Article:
Tag Archives: kale

Oat groats with roasted acorn squash, kale & Parmesan: $1.32/serving

Another acorn squash ripened last week, and though it was tempting to roast it and freeze it for baby food or another winter-squash soufflé, I knew I had enough on hand to turn it into a light meal on its own. Any whole grains would work here—barley, farro, rye berries, etc.—but you may need to add a little more liquid, as oat groats are on the quicker end of the whole-grain cooking scale. Likewise, other greens (chard, spinach, et al.) can be substituted for the kale. I’m not a huge fan of acorn squash (yes, yes, I know I’m growing it; it came out of a “harvest variety” packet of squash seeds, so I kind of got blindsided), but this dish really brings out its sweetness, and roasting really improves the texture. In fact, I fully anticipated to be either studiously avoiding or resignedly picking at the squash chunks in my bowl, but they ended up being my favorite part.

Continue reading

Harissa rigatoni with kale, sausage & pine nuts: $2.10/serving

Harissa, a North African spice paste made with dried peppers, seems to be having a moment. I hadn’t even heard of it five years ago, and all of a sudden it seems to be everywhere—on TV shows like Top Chef, on restaurant menus…even on the shelf at Williams-Sonoma. In fact, any gourmet store likely to carry a jar of the stuff is probably going to charge anywhere from $9 to $13 for it. Which is too bad, because it’s quite versatile as a condiment—spread on sandwiches, stirred into soups, added to pizza, and tossed with pasta, such as in this quick-‘n’-healthy weeknight dish. Making your own harissa from scratch only takes about 30 minutes from start to finish (most of it passive time soaking the peppers) and is less than half the cost of the store-bought stuff, so it’s easy to make up a batch on a weekend and freeze it in little bags for future use.

Continue reading

Twice-baked potatoes with Guinness onions & kale: $1.35/serving

This is the last of the on-sale Guinness for this year, I promise. But I just couldn’t resist—fluffy baked potatoes with caramelized onions and Guinness and kale and cheddar cheese? It’s just as good as it sounds. Simple, filling, and less than $1.50 for the extremely generous serving you see on this plate.

Continue reading

Spaghetti with bacon & greens: $1.76/serving

What many people out there might not know is that the kitchen in our house, which was built in the early 1940s and is otherwise very charming and spacious, is about the size of a very small walk-in closet. There are 4 very small cupboards, requiring us to keep most of our gadgets and pots in the basement, and the counter space comprises about 2 square feet—enough room for one plate or one pot, with the stove and edge of the sink serving as auxiliary work surfaces. As you can imagine, this prompts much teeth-gnashing on my part, as well as constant dishwashing diligence. Sometimes, due to circumstances beyond our control, the latter does not get done, as was the case this weekend. Therefore, this may not be the most inexpensive meal we eat this week, but it’s certainly the quickest and easiest. It doesn’t take but 20 minutes from start to finish—and I mean “start” as in taking the package of bacon out of the freezer, not putting food in a pan. Any pasta shape or type of greens are suitable, and you could even swap out the bacon for Italian sausage and balsamic vinegar for a few splashes of white wine if that’s what you have on hand.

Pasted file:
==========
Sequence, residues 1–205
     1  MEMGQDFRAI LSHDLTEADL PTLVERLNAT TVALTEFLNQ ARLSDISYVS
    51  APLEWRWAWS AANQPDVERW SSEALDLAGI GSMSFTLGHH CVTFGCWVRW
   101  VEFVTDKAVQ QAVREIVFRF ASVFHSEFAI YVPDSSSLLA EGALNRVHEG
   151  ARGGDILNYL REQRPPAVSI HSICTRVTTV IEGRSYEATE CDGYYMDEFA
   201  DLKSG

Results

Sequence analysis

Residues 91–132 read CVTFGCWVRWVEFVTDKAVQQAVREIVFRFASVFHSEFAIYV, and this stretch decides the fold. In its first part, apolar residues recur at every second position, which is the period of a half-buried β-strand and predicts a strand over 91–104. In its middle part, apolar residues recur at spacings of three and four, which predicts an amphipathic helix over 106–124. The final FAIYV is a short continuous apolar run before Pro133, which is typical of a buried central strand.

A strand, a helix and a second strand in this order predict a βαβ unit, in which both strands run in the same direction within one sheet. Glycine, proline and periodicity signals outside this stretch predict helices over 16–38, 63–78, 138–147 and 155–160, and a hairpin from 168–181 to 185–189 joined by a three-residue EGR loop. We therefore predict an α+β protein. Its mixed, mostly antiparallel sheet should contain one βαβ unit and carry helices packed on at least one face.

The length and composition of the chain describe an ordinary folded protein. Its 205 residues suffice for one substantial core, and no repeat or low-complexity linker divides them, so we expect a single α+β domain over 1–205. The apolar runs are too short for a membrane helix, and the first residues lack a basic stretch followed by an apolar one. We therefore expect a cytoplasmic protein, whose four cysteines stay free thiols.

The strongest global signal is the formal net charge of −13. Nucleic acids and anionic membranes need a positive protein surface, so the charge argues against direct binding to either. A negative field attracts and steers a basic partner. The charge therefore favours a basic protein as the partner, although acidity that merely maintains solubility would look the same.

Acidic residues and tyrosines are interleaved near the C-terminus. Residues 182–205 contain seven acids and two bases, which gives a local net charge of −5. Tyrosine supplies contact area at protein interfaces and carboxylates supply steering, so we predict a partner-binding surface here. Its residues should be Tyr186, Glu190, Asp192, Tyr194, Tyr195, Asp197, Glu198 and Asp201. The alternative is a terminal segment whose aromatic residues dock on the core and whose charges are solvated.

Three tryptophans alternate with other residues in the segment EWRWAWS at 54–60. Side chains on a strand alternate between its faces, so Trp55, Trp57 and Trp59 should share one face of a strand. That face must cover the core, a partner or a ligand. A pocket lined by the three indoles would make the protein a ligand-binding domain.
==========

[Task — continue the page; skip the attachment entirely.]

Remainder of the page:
Continue reading

Tuscan bread soup with white beans & kale: 67 cents/serving


During the late-summer months, panzanella (bread salad) or pappa al pomodoro (bread soup) made with day-old bread and tomatoes and basil from the garden is a default weeknight meal for us. It’s light yet satisfying, and practically free. This is my attempt at a winter version, using both the innards of the bread bowls I made for roasted garlic soup and the general flavor profile of spicy kale and sausage soup. It’s considerably more expensive when not using produce from the garden, but well worth the effort. In fact, I almost like this version better than the original one with the sausage.

Continue reading

Spicy kale & sausage soup: 80 cents/serving

This hearty yet light-tasting soup is a great way to get kale into the mouths of people who think they don’t like kale. I know, because I used to be one of them. (I’ve always had trouble with the musty, almost farty taste of veggies from the brassica family.) Not only does the overwhelmingly large pile of greens cook down to almost nothing, but the taste of sausage and tomatoes is strong enough to overpower any suspicious cooked-kale flavor that might still be lurking, menacingly, like a black widow in the basement.

Continue reading